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In a world where collectible arms can reach six figures in value there are, believe it or not, areas of collecting that are still affordable. This column will regularly feature areas of specialization that are inexpensive, fun, challenging and highly rewarding in collector satisfaction.
Pinfire revolvers have never really captured the fancy of American collectors. While they may not have the romance of the early West and frontier they are interesting and historic - what’s more they did play a significant role in the Civil War. They also exist in almost infinite variety and very high quality pieces can still be found at very reasonable prices. Most were made in 5mm, 7mm, 9mm and 12mm calibers, a very few were made in 15mm. Collecting pinfire cartridges, either loose or in boxes, is an interesting and separately challenging offshoot.
Figure 1- A typical folding trigger design in 7mm by Meyer Bte, Zurich (possibly an agent)
Figure 2- An engraved Liege, Belgian gun with “bag” grips - Notice the variation in grip styles among those illustrated
Figure 3- A nice, honest Liege pattern piec
Figure 4- A fancier version made in Liege, this one 7mm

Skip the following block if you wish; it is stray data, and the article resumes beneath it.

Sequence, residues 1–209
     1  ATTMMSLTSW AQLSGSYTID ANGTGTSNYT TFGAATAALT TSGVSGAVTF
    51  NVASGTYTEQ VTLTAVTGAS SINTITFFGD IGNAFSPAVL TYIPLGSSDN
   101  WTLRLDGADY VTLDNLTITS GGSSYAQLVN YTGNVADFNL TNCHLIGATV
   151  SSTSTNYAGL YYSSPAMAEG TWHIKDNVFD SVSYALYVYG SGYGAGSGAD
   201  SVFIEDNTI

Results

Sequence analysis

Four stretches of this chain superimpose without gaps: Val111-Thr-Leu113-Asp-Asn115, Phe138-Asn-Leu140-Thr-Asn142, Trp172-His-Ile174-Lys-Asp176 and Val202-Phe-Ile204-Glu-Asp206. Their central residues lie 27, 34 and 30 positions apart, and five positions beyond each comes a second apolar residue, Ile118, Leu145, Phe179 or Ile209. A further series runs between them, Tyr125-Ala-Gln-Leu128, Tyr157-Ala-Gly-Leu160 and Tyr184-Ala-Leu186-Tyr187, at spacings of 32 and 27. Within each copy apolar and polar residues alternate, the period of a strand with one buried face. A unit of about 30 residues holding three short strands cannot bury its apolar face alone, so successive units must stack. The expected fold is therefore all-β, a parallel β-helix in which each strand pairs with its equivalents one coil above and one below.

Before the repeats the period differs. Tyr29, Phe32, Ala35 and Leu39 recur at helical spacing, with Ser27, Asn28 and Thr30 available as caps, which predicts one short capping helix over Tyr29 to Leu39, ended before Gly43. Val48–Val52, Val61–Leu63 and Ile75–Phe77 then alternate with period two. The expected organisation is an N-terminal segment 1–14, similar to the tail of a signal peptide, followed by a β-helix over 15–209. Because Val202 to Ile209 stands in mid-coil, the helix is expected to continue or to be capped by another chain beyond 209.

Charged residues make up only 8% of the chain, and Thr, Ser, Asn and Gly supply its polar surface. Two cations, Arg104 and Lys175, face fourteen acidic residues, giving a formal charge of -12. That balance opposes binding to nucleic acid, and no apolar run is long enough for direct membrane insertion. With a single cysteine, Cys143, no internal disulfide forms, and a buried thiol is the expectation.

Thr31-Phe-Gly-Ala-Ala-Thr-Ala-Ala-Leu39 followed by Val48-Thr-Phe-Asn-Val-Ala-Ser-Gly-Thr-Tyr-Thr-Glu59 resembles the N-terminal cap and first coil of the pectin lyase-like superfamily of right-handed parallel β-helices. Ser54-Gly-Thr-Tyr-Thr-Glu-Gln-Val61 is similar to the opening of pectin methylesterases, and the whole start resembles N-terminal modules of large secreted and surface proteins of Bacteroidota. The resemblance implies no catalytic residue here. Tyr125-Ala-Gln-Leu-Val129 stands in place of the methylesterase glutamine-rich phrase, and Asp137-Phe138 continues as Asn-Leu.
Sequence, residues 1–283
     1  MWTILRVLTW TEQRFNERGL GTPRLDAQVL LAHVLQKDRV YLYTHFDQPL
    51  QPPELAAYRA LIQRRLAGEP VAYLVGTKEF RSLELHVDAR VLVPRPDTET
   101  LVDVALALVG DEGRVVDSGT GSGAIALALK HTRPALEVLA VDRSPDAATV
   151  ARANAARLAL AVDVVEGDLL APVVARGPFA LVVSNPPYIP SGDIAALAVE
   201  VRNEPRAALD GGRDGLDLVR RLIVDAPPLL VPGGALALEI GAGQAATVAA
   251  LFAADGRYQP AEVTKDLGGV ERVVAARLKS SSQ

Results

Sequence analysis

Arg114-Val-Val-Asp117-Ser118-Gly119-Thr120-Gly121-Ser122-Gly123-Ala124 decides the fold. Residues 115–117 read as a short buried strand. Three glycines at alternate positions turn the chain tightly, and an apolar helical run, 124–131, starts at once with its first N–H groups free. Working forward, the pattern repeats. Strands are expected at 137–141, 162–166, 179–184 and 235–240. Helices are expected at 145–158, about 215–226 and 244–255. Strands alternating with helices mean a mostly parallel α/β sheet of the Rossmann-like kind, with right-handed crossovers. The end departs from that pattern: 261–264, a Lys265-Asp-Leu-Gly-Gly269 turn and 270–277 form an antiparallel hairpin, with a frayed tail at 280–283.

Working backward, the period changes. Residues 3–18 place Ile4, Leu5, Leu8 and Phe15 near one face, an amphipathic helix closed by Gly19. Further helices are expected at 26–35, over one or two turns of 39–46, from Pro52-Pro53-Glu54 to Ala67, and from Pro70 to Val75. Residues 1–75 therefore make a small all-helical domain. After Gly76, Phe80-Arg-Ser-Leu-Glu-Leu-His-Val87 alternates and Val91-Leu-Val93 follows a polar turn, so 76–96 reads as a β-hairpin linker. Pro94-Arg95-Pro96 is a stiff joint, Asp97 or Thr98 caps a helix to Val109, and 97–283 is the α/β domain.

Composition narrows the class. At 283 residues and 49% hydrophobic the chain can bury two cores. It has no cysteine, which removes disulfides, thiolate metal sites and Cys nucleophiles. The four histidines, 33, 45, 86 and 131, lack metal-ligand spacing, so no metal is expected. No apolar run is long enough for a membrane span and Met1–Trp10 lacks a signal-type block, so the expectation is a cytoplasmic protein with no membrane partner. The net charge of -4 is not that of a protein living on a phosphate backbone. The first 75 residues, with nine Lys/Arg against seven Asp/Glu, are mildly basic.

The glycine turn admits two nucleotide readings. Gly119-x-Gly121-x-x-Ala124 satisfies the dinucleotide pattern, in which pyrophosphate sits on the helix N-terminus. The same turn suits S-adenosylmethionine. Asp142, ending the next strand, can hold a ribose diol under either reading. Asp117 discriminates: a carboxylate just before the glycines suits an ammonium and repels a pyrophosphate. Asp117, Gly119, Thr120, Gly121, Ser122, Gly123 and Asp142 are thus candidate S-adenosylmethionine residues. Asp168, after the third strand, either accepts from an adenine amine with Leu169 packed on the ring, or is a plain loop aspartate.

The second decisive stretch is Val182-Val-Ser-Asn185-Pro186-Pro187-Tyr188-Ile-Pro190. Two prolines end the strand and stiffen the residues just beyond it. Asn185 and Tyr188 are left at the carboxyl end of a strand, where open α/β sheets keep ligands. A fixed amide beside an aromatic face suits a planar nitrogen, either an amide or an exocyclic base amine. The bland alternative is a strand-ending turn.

Figure 5- A military style in 12mm
Figure 6- Another military sidearm in 12mm, possibly London
Figure 7- A very substantial military or police version in 12mm, possibly Spanish by Oviedo
Figure 8- A 9mm Liege, Belgian piece
Figure 9- A folding trigger design with ivory grips from Liege
Figure 10- A nice crisp French piece in 9mm
Figure 11- Another French piece in excellent condition
Figure 12- A much different profile on this Belgian gun
Figure 13- A rather large and bulky military style in 12mm
Figure 14- A rare 20 shot revolver by LeFaucheux- one of the oddities that might turn up
Figure 15- The cylinder of the 20 shot piece, notice the underbarrel for the inner series of chambers.
Figure 16 - A rare packet of cartridges made in the US for use with the LeFaucheux pinfire revolver which was heavily imported during the Civil War.